Album ‘Saltwater’ released October 18th
Bristol based, the John Fairhurst Band are a newly formed trio fronted by their eponymous songwriter. Drawing from Rock, blues and world music, with a penchant for slide guitar and a distinctive deep growling voice, his songs, delivered in pure raconteur style, narrate all the hardships of life on the road
For the first time, John Fairhurst will be releasing his new album – and the preceding singles – accompanied by a powerhouse rhythm section of Bristols young guns: Toby Murray & Pete Episcopo.
For a taste of their sound, check out this video for ‘Breakdown’:
The new releases is a turning point in the career of John Fairhurst, marking the shift from solo artist and duo member to power rock blues trio. In the course of his career so far, he has spent the last decade travelling the world and supported the likes of Fun Lovin’ Criminals, performed with world beatbox champions Bellatrix and Reeps1 and the late, great, blues legend Johnny Winter. He includes Winter among his fans, as well as Robbie Macintosh of The Pretenders and Indian Sarod Master, K Sridhar– just a small indication of the quality of his live show.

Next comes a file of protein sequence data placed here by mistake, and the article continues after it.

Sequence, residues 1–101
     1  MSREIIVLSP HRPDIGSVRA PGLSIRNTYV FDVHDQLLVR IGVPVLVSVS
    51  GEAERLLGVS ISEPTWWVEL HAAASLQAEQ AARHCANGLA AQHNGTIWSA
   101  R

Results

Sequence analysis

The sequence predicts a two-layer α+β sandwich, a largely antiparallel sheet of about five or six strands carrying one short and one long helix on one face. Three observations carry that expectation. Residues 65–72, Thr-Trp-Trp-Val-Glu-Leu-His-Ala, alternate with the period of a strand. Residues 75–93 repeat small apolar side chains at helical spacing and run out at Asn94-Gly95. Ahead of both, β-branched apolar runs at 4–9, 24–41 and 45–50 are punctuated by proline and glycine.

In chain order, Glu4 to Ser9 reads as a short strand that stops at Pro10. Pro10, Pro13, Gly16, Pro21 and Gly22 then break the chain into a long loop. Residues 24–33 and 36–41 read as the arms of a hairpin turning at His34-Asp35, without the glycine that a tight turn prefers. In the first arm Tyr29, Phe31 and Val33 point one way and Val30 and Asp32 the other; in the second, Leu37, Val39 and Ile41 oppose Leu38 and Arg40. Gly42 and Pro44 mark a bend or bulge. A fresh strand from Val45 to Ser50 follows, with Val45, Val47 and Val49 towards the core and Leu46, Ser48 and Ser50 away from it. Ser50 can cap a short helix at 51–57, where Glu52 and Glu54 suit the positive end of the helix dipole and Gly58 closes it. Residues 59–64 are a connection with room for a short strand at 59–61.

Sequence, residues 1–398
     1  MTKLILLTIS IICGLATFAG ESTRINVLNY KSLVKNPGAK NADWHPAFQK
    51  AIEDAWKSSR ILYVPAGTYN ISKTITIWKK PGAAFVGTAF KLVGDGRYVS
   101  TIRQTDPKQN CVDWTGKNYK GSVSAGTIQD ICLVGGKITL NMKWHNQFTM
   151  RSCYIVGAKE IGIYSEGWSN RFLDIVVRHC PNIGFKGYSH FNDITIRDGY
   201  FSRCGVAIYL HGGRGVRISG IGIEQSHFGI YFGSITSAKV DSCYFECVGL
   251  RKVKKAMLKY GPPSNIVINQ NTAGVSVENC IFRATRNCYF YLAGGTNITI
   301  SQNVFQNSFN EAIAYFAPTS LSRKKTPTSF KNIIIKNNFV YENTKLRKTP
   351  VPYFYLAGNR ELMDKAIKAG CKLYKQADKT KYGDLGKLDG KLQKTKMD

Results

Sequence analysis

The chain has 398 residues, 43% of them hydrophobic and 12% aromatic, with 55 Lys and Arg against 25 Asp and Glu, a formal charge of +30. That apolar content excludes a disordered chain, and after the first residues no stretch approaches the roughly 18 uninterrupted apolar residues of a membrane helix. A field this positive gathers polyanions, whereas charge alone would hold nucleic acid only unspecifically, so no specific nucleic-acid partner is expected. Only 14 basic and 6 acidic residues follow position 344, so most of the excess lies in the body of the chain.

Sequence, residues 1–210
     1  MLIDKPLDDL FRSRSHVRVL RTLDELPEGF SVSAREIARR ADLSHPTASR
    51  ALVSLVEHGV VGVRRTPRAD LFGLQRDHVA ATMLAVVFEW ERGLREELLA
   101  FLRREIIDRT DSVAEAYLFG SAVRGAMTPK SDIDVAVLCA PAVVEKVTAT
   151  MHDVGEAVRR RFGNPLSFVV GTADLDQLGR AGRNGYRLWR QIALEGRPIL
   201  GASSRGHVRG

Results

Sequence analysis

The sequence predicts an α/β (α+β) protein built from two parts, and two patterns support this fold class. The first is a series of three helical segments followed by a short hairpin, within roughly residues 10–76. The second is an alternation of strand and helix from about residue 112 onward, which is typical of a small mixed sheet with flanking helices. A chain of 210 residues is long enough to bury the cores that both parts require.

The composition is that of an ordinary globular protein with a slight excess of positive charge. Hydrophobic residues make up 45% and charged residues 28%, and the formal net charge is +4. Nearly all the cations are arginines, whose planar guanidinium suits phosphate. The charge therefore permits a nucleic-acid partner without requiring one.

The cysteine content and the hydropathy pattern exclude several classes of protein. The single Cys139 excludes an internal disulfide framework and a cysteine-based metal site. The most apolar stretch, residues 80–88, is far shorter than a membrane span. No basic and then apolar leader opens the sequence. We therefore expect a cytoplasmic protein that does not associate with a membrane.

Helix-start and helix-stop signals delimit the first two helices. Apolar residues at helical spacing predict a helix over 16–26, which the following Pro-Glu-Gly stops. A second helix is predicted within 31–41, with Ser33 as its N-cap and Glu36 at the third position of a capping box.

The new material is the fruit of first class production: Alex Beitzke (Jamiroquai, Florence and The Machine, Nigel Kennedy, Ed Sheeran, Prince) , Paul Cartledge (Tony Visconti) and mastering engineer Ray Staff (Led Zeppelin, Rolling Stones, The Clash).
This fantastic pedigree of collaborators is the result of a prolific approach to gigging, playing between 200-250 gigs a year between 2011 and 2014. Highlights include taking to the stage at SXSW in Austin, Texas, playing the Roundhouse in London and opening for Johnny Winter on his European Tour. That’s not to mention countless festival appearances and 35 gigs at Glastonbury alone since 2008, including a performance this year on The Glade Stage.
All highly impressive for a career that he “fell into” almost by chance. Taking a tumble down an unmarked manhole while labouring on a building site, Fairhurst had little mobility for a year following a serious knee injury. He used some of the money from the accident compensation to immediately buy a National Resonator guitar, playing it incessantly for the year he was bed bound, truly feeling the blues. It’s during this year that he really developed virtuoso finger-picking techniques and found the sound which carried him across four continents.